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The line between legacy airlines and budget ones continues to blur as more budget carriers fly beyond the four-to-five-hour range, eyeing markets traditionally served by full-service operators. AirAsia’s addition of Honolulu as a destination is just the latest.
At the same time, legacy airlines are starting budget offshoots, such as Lufthansa’s Eurowings and Singapore Airlines’ Scoot.
Long-haul operations are usually tough on the business models of budget airlines — fuel prices are a higher percentage of a budget carrier’s operating expenses — and there is no telling how long fuel prices will stay at their current low levels.
The longer the flight, the higher the expectations of creature comforts. But new and more fuel-efficient long-range aircraft are making it possible for low-cost carriers to ply the same distant routes that have traditionally been the domain of the big guys.
Budget aviation history is dotted with the failure of many who tried to go farther and failed. Yet, ambitious entrepreneurs, from Sir Freddie Laker — who pioneered the trans-Atlantic no-frills model in the 1970s with his Skytrain service — to AirAsia founder Tony Fernandes, keep trying.
This is the spirit of adventure that keeps the industry learning and thriving.
In June, AirAsia will introduce flights from Kuala Lumpur to Honolulu under its long-haul AirAsia X banner, becoming the first budget airline approved by the US Department of Transportation for operations between the US and Asia.
The flight will clock 16 to 18 hours, including a two-hour transit stop in Osaka. There will be four weekly services.
Mr Fernandes made a similarly bold move back in 2009, launching services to London, and, in 2011, to Paris. He did it despite the collapse in 2008 of Hong Kong’s Oasis Airlines, which commenced services to London (Gatwick) in 2006 followed by services to Vancouver in 2007.
Before it folded, Oasis was voted “World’s Leading New Airline” at the 2007 Annual World Travel awards.
Ultimately, Mr Fernandes also suspended AirAsia X’s operations to London and Paris in 2012, because of high fuel prices and weak demand.
Yet that setback has not stopped him from launching new services to Honolulu.
He has also confirmed that Air-Asia X will resume operations to London when the airline receives its new, more economical long-range Airbus A330-900neo fleet in 2018. Rome and Frankfurt are also in the plans.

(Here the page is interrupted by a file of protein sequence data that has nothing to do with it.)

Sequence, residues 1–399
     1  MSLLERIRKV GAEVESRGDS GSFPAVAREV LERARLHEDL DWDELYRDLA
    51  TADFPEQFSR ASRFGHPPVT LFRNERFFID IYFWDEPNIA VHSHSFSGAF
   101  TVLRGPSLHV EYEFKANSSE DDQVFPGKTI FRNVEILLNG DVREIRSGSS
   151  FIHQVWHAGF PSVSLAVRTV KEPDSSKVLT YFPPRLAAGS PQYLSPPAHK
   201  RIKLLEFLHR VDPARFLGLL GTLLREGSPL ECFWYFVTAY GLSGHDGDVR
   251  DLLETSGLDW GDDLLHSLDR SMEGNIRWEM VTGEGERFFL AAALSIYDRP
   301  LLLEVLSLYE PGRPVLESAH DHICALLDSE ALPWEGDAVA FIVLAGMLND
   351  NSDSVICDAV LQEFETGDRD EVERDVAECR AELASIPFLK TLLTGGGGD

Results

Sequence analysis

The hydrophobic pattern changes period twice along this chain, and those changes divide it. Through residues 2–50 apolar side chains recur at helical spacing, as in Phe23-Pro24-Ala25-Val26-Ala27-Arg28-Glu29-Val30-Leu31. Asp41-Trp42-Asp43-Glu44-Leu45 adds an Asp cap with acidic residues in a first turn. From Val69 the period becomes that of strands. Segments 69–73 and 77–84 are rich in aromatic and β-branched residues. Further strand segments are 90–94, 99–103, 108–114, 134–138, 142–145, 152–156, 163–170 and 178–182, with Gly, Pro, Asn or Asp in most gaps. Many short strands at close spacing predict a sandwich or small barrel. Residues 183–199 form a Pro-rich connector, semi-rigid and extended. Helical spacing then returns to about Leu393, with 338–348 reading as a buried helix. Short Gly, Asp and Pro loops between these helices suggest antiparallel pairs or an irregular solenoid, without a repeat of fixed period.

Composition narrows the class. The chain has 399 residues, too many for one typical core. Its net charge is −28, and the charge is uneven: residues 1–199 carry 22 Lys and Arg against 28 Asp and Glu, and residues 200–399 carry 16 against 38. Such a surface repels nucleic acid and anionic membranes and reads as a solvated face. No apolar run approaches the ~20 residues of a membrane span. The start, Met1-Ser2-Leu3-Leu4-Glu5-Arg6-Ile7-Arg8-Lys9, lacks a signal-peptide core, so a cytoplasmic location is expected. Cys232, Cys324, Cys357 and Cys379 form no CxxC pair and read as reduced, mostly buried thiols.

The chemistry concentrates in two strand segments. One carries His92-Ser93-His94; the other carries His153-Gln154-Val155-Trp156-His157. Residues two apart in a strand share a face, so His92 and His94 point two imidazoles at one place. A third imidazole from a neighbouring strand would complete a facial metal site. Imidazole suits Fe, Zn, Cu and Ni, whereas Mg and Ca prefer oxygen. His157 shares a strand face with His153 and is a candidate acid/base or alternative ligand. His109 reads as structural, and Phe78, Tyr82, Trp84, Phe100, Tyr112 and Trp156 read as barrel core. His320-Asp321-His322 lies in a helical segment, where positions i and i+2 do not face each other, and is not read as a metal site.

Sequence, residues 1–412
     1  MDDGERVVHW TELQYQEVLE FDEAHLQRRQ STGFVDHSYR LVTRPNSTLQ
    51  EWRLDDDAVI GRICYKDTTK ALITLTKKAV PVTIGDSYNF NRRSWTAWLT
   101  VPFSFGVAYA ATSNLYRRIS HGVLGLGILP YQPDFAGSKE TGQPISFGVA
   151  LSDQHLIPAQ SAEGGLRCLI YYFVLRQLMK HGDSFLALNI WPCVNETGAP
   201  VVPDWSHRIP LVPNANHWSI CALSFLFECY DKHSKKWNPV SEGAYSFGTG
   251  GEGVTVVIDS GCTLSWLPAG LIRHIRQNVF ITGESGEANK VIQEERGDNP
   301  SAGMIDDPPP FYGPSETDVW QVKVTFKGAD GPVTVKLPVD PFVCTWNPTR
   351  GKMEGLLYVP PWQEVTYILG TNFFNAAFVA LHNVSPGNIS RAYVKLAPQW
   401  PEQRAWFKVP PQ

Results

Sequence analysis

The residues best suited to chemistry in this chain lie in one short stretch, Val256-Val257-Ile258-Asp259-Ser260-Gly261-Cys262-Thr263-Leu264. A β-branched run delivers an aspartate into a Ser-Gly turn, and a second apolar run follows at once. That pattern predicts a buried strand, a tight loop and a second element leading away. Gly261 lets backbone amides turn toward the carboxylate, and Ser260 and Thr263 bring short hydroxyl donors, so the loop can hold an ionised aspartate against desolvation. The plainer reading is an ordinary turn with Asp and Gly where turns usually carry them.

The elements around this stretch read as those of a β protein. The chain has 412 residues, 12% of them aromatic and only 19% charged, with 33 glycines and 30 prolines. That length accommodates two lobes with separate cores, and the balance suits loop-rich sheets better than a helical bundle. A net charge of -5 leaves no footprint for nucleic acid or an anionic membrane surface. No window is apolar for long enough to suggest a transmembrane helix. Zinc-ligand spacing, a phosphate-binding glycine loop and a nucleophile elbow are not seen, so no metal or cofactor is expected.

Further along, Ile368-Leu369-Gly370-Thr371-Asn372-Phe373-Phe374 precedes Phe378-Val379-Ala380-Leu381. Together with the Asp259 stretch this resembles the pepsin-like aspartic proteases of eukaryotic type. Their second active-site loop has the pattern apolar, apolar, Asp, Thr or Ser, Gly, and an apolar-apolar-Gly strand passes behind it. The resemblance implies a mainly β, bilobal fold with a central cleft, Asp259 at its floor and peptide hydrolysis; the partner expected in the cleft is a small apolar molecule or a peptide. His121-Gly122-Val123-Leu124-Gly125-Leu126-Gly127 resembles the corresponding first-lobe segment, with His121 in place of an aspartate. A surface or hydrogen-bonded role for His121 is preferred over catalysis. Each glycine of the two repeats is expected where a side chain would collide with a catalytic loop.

More than just dollars
Price is a budget airline’s main feature and attraction. AirAsia’s introductory offer of RM2,300 (S$731) for a return ticket from Kuala Lumpur to Honolulu is a steal.
There will be takers, but unless AirAsia is able to grow the traffic for the route, the limited market may not be able to sustain it in the long run.
Honolulu is very much a leisure destination.
But AirAsia faces competition on this route from legacy airlines such as Japan Airlines, Korean Air, Air China, China Airlines and Philippines Airlines, whether direct from their home bases or in code-share arrangements with partner airlines such as Delta Air Lines and United Airlines.
Besides, tour planners for the US West Coast that include Honolulu as part of the itinerary are inclined to favour connections from San Francisco or Los Angeles.
AirAsia therefore cannot depend solely on point-to-point traffic between Kuala Lumpur and Honolulu.
Tweaking the model
As budget and legacy airlines continue to borrow ideas from one another, that is where the line blurs.
Full-service airlines are increasingly unbundling their products and offering meals and baggage space as add-ons.
British Airways is the latest airline to stop offering free meals for the short-haul, and ironically, Delta is considering re-introducing complimentary refreshments.
Ryanair too has become more customer focused, expunging its erstwhile terse take-it-or-leave-it attitude.
Some budget carriers are already offering premium class products, especially for the medium to long haul, to attract business travellers and others.
A common playing field can only mean cheaper seats for all. For passengers, that, at least, is the hope.
Mactan-Cebu International Airport (MCIA) is targeting at least 10M passengers for 2017. MCIA grew 11.5% in 2016 (7.98 million passengers in 2015).
In 2016, MCIA added flights to Los Angeles (Philippine Airlines), Dubai (Emirates), Chengdu (PAL, China Eastern Airlines), Wuhan (China Eastern Airlines), Xiamen (Xiamen Air), Hangzhou (Air Asia) and Daegu (T’way Air).
A number of carriers have also added new flights to its existing Cebu routes. Air Asia added more flights to its Cebu-Kuala Lumpur, Cebu-Singapore and Cebu-Taipei routes while PAL also added more flights to its Cebu-Caticlan and Cebu-Singapore routes. Meanwhile, new flights were also added for the Cebu-Taipei route by Eva Air, Cebu-Busan route by Air Busan and Cebu-Narita route by Vanilla Air.
The Philippines’ largest low cost carrier flew 19.1 million passengers in 2016, 4% increase from its 2015 record.
CEB also set a new record for the most number of passengers flown on a single day, 64,684, last Dec. 27, 2016 beating its 3 January 2016 record.
“This significant increase in number only shows our firm commitment in trafficking trade and tourism in all the destinations we operate in, while at the same time enabling everyJuan to connect with their families and friends all around the world,” Mantaring said.
In total, Cebu Pacific and subsidiary Cebgo carried a total 19.13 million passengers last year, four percent higher than the 18.38 million passengers served in 2015.
The higher passenger volume was largely driven by the airline’s low-cost short-haul services, and increased frequencies in key domestic markets.
Cebu Pacific saw passenger growth in international destinations such as Beijing, Shanghai and Xiamen in China, Taiwan (Taipei), and Hanoi and Ho Chi Minh in Vietnam.